Scientist says what aliens will look like if ET life roams our solar system

Life on other planets is more likely to be bacteria than little green men, says space expert Ashley King.

In the new Channel 5 series Natural History Museum: World Of Wonder, starting tonight, he unlocks some of the secrets of his work and reveals life could exist elsewhere in the solar system.

Geologist Ashley says: “If we do find life in the solar system, it’ll be bacteria – it won’t be able to communicate with us.

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”Narrated by actor Bill Nighy, the series provides a behind-the-scenes look at the work going on behind the exhibits at London’s Natural History Museum, one of the most important in the world.

In the first episode, Ashley studies the Winchcombe Meteorite, which crashed on the driveway of a family home in Gloucestershire in February 2021 while the UK was in the middle of the Covid lockdown.

In the same episode, for the first time experts examine the jawbone of a Gorgosaurus, said to be a “cousin” of the T-Rex, and there’s also a visit to a rewilding project at the Knepp Estate in West Sussex.

Ashley says: “We have 80million samples locked away at the museum and I work on the meteorite collection.

“We’ve never found bacteria or an alien in meteorites but we have found signs life could exist.

“The Winchcombe Meteorite was the first to be recovered on Earth in 30 years so it was a dream where it landed.

“We had to get permission from the museum to go and collect it during lockdown.

“They’re very hard to find and rare for them not to be contaminated by the Earth so we were lucky to be able to collect it within 12 hours of it landing.”

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Carbonaceous asteroids were involved in delivering the essential elements to start life on our planet, scientists have learned.”

The Winchcombe Meteorite contains water similar to that on Earth.Ashley says: “Winchcombe formed near Jupiter around 4.6billion years ago.

“Our solar system was gas and dust which made asteroids which collided to form planets.

“Meteorites are the leftover building blocks for our planet.”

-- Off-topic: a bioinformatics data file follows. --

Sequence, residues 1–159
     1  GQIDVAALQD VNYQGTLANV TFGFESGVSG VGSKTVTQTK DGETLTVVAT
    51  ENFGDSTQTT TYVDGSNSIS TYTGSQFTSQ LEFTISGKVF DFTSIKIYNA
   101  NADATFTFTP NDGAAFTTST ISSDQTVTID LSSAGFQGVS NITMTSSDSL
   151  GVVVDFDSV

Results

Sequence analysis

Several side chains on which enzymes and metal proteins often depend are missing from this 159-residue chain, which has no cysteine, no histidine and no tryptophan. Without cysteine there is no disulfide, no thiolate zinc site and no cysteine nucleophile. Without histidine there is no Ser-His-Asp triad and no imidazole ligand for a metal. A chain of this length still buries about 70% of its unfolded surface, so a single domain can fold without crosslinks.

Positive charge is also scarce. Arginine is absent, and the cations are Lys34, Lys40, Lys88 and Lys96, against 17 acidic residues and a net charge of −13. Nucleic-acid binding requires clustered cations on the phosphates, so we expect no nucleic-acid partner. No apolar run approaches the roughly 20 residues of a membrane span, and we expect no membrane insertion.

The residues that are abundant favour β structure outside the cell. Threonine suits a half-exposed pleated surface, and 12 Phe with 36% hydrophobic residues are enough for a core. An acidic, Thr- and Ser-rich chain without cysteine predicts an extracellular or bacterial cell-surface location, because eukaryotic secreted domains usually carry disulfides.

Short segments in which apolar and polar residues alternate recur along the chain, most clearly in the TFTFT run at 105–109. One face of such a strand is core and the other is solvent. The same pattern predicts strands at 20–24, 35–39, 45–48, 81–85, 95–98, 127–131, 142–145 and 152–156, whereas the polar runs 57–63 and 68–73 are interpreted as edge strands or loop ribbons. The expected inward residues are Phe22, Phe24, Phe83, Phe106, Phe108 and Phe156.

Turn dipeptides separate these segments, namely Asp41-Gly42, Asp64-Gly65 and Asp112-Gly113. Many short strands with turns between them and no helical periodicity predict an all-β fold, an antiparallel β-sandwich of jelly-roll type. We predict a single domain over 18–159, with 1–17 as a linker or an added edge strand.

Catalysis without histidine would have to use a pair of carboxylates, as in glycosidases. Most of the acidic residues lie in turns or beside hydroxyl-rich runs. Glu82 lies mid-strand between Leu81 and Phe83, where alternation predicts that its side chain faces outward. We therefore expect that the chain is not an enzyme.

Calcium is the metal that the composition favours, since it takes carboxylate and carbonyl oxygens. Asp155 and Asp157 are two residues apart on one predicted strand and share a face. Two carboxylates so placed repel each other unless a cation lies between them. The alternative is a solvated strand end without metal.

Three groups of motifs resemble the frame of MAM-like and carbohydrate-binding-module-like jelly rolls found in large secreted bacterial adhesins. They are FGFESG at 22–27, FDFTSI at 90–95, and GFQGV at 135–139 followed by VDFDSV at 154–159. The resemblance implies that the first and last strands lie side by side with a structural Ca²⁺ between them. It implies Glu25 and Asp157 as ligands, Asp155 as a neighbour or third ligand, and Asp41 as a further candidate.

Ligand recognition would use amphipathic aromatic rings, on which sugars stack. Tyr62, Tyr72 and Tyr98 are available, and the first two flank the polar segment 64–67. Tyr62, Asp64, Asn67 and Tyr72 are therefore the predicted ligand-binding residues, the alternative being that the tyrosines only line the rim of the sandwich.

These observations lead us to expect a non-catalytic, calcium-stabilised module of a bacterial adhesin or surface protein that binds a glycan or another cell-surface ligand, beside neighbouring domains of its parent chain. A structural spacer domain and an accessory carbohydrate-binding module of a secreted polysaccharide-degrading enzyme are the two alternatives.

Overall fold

Ashley warns that meteorites pose a threat to life on Earth.

He says: “We think the dinosaurs went extinct because a meteorite hit the Earth – and some think that will happen again.”

The technological advances of AI are likely to help humans in our quest to get a better understanding of the solar system, Ashley believes.

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He says: “One of the biggest challenges in space is that it’s big with thousands of asteroids.

“AI might let us look at big data sets as new telescopes are looking for exoplanets.

“I can see AI helping us.

“There are lots of places in the solar system which had habitable conditions, this is why they keep sending probes to Mars.”

As Nasa’s JUpiter Icy Moons Explorer (JUICE) goes looking at the planet and its three ocean-bearing moons and astronauts are being prepared to go to Mars, Ashley feels space travel could become easier in future.

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He says: “Asteroids contain water so we might be able to use them to make fuel.

“Samples returning from Mars are our next mission to study at the museum.

“I get travel sick so I wouldn’t want to go up to space but I’m happy I get to handle and look at meteorites from the Moon and Mars and fire lasers at them to see what minerals are in there.”

Natural History Museum: World Of Wonder is on Channel 5 at 8pm on Wednesdays from tonight.


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